The perceived wisdom (and TMM's view) for the past 6 months or so has been that Spain was fine and de-coupled from the basket cases of Greece, Portugal and Ireland, as the Caja recapitalisation plans were progressing well, growth had returned and the stress tests for Spain were virtually the only ones with any credibility last year. However, this view was predicated on the condition that nothing else went wrong. And, with the combination of hidden debts (bringing back bad memories of Greece), more widespread social unrest and an electoral backlash, all of a sudden this isn't looking quite as clear cut as it was a couple of months ago. Indeed, S&P's weekend downgrade of Italy to Negative Watch underlines the fact that Spain and Italy are breaking out of the trading ranges they have essentially held since last year's bailout (exception a brief period in late November-early January) on the back of real domestic news-flow, rather than on the back of speculator-driven contagion. To TMM, this is an exceptionally important distinction, as it demonstrates that the dam around Spain & Italy is breaching.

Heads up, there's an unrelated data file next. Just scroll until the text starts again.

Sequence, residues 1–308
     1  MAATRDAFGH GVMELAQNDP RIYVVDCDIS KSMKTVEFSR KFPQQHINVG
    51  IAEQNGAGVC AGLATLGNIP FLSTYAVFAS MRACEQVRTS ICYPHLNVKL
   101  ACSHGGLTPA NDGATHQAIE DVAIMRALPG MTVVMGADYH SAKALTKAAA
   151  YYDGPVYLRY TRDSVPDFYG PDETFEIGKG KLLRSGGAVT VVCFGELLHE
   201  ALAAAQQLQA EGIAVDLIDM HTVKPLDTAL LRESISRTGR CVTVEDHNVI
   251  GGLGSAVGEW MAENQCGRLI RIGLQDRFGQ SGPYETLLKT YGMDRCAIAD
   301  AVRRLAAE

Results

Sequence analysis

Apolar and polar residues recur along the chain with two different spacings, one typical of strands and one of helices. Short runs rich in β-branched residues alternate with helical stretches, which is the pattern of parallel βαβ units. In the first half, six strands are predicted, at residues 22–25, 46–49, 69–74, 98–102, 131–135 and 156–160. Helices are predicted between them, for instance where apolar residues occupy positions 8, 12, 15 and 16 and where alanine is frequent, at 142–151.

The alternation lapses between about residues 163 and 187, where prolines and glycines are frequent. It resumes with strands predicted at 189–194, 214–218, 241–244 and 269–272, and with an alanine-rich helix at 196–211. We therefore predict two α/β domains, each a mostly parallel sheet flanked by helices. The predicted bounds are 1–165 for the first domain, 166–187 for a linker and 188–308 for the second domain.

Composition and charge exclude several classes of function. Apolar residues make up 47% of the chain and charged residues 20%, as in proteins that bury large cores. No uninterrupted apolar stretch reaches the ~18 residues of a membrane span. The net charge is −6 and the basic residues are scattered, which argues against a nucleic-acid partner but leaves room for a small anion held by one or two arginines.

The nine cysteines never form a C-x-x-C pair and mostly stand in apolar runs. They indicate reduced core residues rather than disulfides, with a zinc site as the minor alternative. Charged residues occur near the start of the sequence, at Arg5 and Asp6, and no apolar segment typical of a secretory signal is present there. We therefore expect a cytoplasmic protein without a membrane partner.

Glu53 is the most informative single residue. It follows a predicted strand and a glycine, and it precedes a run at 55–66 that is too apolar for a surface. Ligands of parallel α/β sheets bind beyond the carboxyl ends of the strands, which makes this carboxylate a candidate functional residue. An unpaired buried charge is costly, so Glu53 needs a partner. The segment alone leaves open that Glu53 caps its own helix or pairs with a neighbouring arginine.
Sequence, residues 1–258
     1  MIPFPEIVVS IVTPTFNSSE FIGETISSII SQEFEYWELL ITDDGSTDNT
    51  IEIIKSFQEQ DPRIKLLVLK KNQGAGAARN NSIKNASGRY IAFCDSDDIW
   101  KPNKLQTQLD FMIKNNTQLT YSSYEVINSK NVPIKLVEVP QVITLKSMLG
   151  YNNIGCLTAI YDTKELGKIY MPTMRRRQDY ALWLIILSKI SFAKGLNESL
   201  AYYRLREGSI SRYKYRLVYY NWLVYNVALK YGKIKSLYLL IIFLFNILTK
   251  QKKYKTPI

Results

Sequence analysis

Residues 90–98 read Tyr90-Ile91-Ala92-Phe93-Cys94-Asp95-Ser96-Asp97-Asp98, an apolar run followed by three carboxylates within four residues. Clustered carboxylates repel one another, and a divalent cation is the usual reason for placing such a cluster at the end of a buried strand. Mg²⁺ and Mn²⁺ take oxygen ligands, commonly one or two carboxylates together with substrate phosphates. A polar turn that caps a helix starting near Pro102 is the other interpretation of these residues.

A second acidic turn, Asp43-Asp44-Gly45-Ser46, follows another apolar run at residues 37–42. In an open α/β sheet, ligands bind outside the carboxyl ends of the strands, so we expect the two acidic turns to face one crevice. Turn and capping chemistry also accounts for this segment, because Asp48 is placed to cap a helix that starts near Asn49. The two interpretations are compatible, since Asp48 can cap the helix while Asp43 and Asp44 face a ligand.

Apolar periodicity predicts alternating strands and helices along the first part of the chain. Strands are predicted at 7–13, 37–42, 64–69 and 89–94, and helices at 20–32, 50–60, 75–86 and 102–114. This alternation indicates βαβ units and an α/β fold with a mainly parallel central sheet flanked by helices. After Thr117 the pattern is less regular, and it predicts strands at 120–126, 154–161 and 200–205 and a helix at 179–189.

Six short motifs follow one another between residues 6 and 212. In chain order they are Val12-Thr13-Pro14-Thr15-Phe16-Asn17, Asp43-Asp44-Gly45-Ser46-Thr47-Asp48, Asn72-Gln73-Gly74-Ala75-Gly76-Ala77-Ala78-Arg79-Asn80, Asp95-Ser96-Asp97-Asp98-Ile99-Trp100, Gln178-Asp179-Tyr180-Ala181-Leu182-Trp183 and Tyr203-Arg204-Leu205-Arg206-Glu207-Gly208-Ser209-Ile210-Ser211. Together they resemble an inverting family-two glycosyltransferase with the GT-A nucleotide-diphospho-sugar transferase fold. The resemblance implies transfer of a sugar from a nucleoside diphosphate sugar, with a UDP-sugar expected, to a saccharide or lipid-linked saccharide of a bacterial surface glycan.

TMM fear that all things Euroblx are in the process of becoming systemic once again, as it is clear that the politicians have decided that there will be some form of Greek restructuring imminently, the ECB are panicking at this prospect, and Spain and Italy no longer seem immune. The below chart shows the rolling average correlations of Spain's 10yr Bund spread with the rest of the PIGS (red line), Italy with the rest of the PIGS (blue line), the average PIGS cross-correlation (orange line), and periods of average PIGS spread widening denoted by the green line (TMM's Excel skills are wanting!) during 2010's episode. As can be seen, in the run up to Stress Tests in June 2010, periods of spread widening were accompanied by high or rising correlations between the PIGS, and it was only after that dispersion rose as systemic fears died down.